The Regional Innovation Capacity Model

The Regional Innovation Capacity Model

Antonio Lerro (University of Basilicata, Italy) and Giovanni Schiuma (University of Basilicata, Italy)
DOI: 10.4018/978-1-61692-846-9.ch003
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Abstract

This chapter aims to present a conceptual model aimed to understand the Intellectual Capital-based (IC) characteristics of the regional innovation capacity. The proposed Regional Innovation Capacity Model (RICM) can be used for interpretative and normative purposes to analyse the innovation dynamics taking place at regional and territorial level. From an interpretative point of view, the model identifies the pillars grounding the innovation capacity of a local system. While, from a normative perspective, the model can inspire the definition of guidelines driving the design and the implementation of actions, projects and programmes aimed to stimulate and sustain regional development dynamics. The RICM adopts a knowledge-based perspective assuming that IC, in the forms of regional knowledge assets, and knowledge dynamics, in the form of knowledge transfer and learning processes, are the drivers of innovative processes and outputs. The chapter concludes proposing a future research agenda.
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Introduction

The emergence of the knowledge economy, intense global competition and considerable technological advance has seen innovation becoming increasingly central to regional development (Cooke, 2008). As regional systems become increasingly focused on innovation, they must systematically invest and nurture innovation capabilities, from which they execute effective innovation processes, leading to innovations in new regional processes and sustainable development results (Chaminade & Vang, 2008). In this context, knowledge resources represent fundamental drivers to best enhance and support innovation dynamics, the maintenance of competitive strength and ultimately regional value creation (Asheim & Coenen, 2005).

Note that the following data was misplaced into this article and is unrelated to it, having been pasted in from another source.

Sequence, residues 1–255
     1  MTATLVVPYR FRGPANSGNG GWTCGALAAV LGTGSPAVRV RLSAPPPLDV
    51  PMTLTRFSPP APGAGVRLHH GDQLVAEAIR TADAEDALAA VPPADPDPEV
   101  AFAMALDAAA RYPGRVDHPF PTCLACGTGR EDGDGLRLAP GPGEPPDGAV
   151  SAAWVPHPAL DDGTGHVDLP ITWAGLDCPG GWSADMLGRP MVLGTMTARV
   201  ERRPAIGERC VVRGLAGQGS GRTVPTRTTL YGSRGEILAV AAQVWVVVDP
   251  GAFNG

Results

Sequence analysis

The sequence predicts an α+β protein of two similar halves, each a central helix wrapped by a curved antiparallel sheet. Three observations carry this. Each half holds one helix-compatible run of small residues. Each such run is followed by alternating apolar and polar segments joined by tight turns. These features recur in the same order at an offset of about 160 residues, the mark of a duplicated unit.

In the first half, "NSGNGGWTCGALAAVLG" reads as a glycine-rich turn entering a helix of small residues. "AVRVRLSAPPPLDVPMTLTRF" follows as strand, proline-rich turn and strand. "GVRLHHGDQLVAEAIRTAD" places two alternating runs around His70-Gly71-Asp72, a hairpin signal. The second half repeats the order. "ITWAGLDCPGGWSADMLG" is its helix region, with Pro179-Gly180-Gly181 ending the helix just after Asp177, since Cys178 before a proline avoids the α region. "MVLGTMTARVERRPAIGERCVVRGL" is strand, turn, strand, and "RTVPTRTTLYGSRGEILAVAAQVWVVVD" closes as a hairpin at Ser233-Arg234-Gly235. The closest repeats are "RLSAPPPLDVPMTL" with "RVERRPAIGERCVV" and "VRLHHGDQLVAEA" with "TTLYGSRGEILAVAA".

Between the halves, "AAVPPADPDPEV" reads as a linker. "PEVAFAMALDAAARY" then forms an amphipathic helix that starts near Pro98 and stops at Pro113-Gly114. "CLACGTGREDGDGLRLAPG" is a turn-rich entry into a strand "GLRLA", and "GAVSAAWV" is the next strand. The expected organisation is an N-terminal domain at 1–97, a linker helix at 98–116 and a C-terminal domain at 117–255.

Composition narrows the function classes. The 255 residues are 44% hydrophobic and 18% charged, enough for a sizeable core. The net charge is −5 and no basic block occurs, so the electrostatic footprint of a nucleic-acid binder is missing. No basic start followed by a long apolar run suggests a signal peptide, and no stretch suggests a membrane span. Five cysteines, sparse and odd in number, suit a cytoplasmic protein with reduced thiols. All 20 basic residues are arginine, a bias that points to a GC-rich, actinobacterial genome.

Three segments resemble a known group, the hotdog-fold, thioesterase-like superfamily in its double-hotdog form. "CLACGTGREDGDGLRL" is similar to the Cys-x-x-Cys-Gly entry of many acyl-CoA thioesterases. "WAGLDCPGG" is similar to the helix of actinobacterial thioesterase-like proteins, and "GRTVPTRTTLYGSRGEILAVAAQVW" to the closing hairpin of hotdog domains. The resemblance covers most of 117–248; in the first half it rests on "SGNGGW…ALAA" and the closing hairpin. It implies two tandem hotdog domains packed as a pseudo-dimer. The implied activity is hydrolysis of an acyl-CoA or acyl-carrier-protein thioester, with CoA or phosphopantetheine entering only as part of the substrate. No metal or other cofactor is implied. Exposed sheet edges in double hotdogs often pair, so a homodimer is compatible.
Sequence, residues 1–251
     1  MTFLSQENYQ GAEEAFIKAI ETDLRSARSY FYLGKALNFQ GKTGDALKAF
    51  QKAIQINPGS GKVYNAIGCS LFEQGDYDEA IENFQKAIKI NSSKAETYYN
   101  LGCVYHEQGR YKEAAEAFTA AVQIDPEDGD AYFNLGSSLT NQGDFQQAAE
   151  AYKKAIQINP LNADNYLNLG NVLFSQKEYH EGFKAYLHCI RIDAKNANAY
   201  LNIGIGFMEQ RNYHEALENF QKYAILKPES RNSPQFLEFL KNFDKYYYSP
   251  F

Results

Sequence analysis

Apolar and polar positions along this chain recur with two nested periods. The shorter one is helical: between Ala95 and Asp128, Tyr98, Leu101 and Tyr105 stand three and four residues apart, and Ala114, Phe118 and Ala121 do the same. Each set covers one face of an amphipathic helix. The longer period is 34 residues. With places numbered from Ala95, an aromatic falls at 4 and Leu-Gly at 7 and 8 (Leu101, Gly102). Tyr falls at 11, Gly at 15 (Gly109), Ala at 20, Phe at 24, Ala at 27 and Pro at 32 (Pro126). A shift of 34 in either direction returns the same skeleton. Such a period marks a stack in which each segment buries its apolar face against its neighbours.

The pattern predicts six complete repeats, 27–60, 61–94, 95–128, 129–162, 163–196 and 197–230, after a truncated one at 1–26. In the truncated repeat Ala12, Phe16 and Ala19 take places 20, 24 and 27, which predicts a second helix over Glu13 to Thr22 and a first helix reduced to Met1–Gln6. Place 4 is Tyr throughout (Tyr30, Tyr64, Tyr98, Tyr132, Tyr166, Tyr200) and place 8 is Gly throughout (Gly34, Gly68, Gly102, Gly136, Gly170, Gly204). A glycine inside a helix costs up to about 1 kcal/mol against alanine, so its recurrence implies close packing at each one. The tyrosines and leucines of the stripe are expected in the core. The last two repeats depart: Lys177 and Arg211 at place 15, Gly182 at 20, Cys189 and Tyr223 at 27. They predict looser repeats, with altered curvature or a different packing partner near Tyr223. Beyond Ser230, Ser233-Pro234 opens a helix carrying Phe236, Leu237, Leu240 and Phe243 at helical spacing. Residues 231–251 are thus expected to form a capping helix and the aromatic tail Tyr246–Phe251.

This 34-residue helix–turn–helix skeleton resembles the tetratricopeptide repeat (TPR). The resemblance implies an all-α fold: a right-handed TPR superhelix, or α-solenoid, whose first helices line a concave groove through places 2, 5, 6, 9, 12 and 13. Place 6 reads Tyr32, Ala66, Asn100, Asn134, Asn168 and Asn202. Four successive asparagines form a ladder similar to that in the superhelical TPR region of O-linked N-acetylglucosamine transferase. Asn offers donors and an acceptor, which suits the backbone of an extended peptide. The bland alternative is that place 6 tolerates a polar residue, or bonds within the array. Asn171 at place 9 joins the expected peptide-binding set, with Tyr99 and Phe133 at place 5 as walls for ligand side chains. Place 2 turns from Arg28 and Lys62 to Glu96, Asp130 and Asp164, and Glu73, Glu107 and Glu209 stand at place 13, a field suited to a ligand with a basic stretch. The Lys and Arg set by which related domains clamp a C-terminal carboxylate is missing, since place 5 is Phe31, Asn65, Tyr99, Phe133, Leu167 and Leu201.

Therefore, managers and policy-makers need to understand how knowledge resources are linked and affect innovation and regional development. This involves the need to define and use models, approaches and tools able both to improve the understanding about the region’s innovation capacity and to provide useful insights for maintaining and developing this crucial ability. From a research perspective, the challenge for managerial and regional science research lies in formulating and extending theoretically grounded models and empirical applications in order to develop more rigorous conceptualisations, useful for regional innovation management.

Although some theoretical contributions have stressed the strategic importance as well as the role of the knowledge resources as key value-drivers for regional systems’ innovation dynamics and territorial excellence, there is still a need for a better understanding of the approaches for the identification, development and deployment of the knowledge resources for the improvement of innovation performance.

The main objective of this chapter is to present a conceptual model aimed to understand the Intellectual Capital-based (IC) characteristics of the regional innovation capacity. The proposed Regional Innovation Capacity Model (RICM) can be used for interpretative and normative purposes to analyse the innovation dynamics taking place at regional and territorial level. From an interpretative point of view, the model identifies the pillars grounding the innovation capacity of a local system, such as the innovation sources, innovation capacity, innovation processes and innovation results. While, from a normative perspective, the model can inspire the definition of guidelines driving the design and implementation of actions, projects and programmes aimed to stimulate and sustain regional development dynamics. The RICM adopts a knowledge-based perspective assuming that IC, in the forms of regional knowledge assets, and knowledge dynamics, in the form of knowledge transfer and learning processes, are the drivers of innovative processes and outputs. Specifically, we adopt the notion of Intellectual Capital (IC) as umbrella concept to identify the main knowledge assets affecting innovation and regional development dynamics (Carlucci & Schiuma, 2007; Bounfour & Edvinsson, eds., 2005; Lerro & Carlucci, 2007; Bradley, 1997). Knowledge assets are those critical and strategic knowledge resources affecting the performance and the value creation dynamics of a specific territorial system (Teece, 1998; Marr and Schiuma, 2001).

Following, the Regional Innovation Capacity Model (RICM) is presented. Then, key results and research and policy implications are discussed. Finally, limitations and suggestions for future research are provided.

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